In the instant case, to substantiate its exceptions to the Regional Director's report, the Company produced an article from a union publication purporting to identify the persons responsible for the Union's election success. The publication named Ross as a member of the "plant committee." Nonetheless, the Regional Director declined to conduct a hearing because he believed that even if Ross were a member of the plant committee, this would not necessarily make him a union agent. We recognize that membership on the plant organizing committee alone is insufficient to establish that Ross's acts may be imputed to the Union. When, however, the Union publicizes and identifies those who played a significant role in the election victory, and specially couples Ross's name as a member of the organizing committee with a statement in the next sentence identifying the union officers and members of "the Union staff involved in the drive," Ross is no longer a mere member of the organizing committee. The Union has recognized that he played more than an ordinary role in the election and, at this point in the proceedings, the Company is only seeking a hearing to establish Ross's relationship to the Union and the impact of his threatening statements. The Company is not endeavoring to establish the merits of its claims. Its burden, therefore, is not to establish agency but only to proffer sufficient facts to warrant a hearing on the question of agency. In light of the threatening statements made by Ross, the post-election publication by the Union listing the persons "involved in the drive" to organize the plant, including the specific identification of Ross as a member of the organizing plant committee, is a significant piece of evidence to support the Company's allegations that Ross was a union agent or was known throughout the plant as a union agent.6 Although the article is not proof of agency, taken with the evidence of the threats made by Ross, it is sufficient to warrant a hearing on the agency issue.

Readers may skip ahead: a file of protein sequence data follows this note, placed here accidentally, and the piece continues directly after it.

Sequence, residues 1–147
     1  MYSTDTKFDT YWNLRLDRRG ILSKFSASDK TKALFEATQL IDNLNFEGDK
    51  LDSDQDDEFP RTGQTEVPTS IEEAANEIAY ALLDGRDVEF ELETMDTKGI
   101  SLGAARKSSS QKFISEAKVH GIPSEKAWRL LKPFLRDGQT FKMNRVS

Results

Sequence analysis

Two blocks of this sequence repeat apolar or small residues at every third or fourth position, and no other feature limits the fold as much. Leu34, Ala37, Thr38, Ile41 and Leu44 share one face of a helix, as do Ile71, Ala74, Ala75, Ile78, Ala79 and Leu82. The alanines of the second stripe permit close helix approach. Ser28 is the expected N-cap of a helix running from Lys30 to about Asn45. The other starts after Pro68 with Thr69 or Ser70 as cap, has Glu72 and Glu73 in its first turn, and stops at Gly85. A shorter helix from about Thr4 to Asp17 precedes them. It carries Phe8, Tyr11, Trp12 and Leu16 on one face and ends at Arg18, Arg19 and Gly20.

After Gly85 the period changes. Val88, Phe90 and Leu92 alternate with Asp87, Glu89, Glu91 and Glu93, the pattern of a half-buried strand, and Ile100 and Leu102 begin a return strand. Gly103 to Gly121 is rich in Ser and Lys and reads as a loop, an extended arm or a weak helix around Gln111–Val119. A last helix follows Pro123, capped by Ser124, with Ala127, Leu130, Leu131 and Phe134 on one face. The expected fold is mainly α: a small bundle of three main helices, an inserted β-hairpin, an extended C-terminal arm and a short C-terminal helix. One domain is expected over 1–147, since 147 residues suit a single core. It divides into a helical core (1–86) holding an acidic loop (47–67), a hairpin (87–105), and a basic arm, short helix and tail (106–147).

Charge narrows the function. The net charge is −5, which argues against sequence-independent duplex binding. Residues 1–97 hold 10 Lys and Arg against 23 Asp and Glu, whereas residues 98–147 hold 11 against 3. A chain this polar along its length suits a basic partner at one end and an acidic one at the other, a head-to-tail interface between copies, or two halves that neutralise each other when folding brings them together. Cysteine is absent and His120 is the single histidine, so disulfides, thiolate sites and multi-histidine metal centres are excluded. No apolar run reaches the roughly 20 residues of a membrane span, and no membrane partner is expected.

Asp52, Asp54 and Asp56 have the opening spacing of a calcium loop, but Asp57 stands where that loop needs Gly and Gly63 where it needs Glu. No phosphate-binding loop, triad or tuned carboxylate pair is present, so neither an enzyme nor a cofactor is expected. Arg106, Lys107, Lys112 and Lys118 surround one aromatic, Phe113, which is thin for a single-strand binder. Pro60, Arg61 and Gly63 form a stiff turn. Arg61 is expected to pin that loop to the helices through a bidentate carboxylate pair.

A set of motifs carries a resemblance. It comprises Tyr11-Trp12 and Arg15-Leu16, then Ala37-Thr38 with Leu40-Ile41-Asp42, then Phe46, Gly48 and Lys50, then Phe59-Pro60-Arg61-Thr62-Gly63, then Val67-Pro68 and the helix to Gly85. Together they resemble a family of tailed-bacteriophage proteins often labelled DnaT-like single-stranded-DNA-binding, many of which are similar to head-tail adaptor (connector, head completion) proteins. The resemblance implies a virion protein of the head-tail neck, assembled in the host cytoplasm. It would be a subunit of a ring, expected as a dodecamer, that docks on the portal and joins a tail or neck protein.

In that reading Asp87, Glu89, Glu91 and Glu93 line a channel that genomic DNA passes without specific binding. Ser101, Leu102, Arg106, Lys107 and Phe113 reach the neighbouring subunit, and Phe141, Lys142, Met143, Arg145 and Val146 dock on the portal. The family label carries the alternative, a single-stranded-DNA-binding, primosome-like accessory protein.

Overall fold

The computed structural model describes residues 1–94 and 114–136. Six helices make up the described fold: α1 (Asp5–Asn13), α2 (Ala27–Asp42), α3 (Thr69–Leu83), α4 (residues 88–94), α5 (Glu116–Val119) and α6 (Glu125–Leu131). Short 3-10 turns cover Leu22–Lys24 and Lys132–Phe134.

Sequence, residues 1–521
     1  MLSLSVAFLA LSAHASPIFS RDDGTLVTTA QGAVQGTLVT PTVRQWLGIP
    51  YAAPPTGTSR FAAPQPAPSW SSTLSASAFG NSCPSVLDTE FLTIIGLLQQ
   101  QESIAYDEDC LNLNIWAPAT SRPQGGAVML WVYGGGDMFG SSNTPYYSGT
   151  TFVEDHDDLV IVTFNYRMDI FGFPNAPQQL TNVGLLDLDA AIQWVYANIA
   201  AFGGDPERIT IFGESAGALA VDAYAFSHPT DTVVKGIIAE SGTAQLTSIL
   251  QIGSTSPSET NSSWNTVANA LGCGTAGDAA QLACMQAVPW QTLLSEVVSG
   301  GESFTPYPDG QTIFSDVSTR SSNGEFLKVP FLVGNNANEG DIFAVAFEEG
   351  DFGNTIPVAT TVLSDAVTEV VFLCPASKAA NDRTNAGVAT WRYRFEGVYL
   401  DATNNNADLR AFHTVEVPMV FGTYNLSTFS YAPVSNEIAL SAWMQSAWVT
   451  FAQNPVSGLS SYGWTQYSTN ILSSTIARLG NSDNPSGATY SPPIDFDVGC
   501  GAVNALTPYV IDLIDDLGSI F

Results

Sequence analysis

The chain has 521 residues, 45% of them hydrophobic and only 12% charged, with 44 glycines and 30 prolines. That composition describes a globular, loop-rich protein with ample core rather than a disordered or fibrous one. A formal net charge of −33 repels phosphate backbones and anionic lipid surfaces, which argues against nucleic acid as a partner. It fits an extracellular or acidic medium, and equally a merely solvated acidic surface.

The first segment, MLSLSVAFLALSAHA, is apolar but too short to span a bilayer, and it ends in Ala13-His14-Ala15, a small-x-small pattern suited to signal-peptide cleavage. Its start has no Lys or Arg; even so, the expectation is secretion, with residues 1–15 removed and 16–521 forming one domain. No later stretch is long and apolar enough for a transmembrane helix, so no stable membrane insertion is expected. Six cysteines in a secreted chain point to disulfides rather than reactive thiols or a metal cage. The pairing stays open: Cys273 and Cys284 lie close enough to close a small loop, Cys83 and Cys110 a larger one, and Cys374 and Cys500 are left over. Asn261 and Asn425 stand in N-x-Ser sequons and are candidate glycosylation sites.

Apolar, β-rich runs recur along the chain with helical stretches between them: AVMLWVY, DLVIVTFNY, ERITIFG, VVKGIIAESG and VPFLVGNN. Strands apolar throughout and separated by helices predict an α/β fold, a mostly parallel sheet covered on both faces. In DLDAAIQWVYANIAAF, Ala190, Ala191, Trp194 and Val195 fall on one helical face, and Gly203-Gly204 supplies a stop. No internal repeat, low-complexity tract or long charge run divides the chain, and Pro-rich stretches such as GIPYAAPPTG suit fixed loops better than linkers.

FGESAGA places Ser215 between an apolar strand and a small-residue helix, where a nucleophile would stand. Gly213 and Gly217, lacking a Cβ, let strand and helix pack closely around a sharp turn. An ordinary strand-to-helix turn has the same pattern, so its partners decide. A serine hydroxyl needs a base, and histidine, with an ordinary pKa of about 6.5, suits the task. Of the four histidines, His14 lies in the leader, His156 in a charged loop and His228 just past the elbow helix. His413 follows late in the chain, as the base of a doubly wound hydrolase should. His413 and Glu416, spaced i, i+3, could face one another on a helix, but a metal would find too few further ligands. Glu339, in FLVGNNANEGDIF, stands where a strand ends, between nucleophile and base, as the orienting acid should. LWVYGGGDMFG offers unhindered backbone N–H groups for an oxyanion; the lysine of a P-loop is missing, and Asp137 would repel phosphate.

The Board has taken the view in a number of cases that the actions of employees who serve on an in-plant organizing committee are only attributable to the Union where there is additional evidence that the plant committee itself acts on the Union's behalf. Thus, in Cambridge Wire Cloth Co., 256 N.L.R.B. 1135 (1981), enforced, 679 F.2d 885 (4th Cir. 1982), the Board stated:
Employee members of an in-plant organizing committee are not, simply by virtue of such membership, agents of their union for the purpose of making threats or statements.... Only where the in-plant organizing committee is itself shown to be an agent of the union will the conduct of committee members be imputed to the union.
256 N.L.R.B. at 1139 (footnote omitted).7 See Beaird-Poulan Division, Emerson Electric Co. v. NLRB, 649 F.2d 589, 594 (8th Cir. 1981) (union not responsible for statements of pro-Union committee members); Certain-Teed Products Corp. v. NLRB, 562 F.2d 500, 509-10 (7th Cir. 1977) (campaign activity alone does not establish the requisite close connection with the Union to make an employee a union agent); Firestone Steel Products Co., 235 N.L.R.B. 548, 550 (1978); Mike Yurosek & Sons, Inc., 225 N.L.R.B. 148, 149-150 (1976), enforced, 597 F.2d 661 (9th Cir.), cert. denied, 444 U.S. 839, 100 S. Ct. 78, 62 L. Ed. 2d 51 (1979).
On the other hand, in two cases the Fourth Circuit has imputed to the Union the actions of employees belonging to the "plant committee" where there was some additional evidence that the plant committee members had been "deputized" to act on the Union's behalf. In NLRB v. Georgetown Dress Corp., 537 F.2d 1239 (4th Cir. 1976), the rank-and-file employees who committed certain acts of misconduct during the organizing campaign were held to be union agents because they were members of the in-plant organizing committee, and the evidence showed that the committee was the Union's only in-plant contact with the workers and that the members of the committee "in the eyes of the other employees were the representatives of the union on the scene and the union authorized them to occupy that position." Id. at 1244. Similarly, in PPG Industries, Inc. v. NLRB, 671 F.2d 817 (4th Cir. 1982), the misconduct of members of the in-plant organizing committee was attributed to the Union because the evidence showed that the union organizer had requested the committee members to solicit support for the Union, to distribute union literature, to transport membership cards to the Union's office, and generally to serve as the Union's "eyes and ears" in the plant and to report on events in the plant during the election campaign. Id. at 819.